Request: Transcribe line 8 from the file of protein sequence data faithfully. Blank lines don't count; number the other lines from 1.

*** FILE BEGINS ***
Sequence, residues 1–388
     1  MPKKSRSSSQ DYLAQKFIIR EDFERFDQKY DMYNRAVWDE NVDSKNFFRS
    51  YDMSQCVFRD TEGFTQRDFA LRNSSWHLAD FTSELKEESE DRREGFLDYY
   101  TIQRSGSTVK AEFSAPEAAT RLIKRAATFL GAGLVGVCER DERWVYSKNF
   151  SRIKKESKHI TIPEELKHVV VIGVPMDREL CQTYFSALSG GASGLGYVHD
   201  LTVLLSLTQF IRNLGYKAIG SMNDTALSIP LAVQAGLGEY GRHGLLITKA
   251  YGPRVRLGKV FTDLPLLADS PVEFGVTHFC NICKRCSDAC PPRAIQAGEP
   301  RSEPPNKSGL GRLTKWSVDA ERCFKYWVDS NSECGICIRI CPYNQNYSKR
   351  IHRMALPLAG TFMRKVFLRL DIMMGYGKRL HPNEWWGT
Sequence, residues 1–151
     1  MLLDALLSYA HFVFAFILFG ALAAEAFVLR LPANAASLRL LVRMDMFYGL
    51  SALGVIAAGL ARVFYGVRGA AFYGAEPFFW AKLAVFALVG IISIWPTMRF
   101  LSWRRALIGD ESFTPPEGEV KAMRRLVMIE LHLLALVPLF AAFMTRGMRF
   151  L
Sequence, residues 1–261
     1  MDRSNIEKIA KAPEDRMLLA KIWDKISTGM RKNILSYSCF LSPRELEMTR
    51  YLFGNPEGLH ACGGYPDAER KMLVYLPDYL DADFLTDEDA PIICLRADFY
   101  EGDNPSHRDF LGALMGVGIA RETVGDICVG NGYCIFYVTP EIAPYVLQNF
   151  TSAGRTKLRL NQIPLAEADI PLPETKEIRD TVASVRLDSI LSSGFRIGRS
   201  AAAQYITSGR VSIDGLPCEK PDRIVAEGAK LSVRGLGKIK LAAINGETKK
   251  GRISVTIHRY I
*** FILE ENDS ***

   301  RSEPPNKSGL GRLTKWSVDA ERCFKYWVDS NSECGICIRI CPYNQNYSKR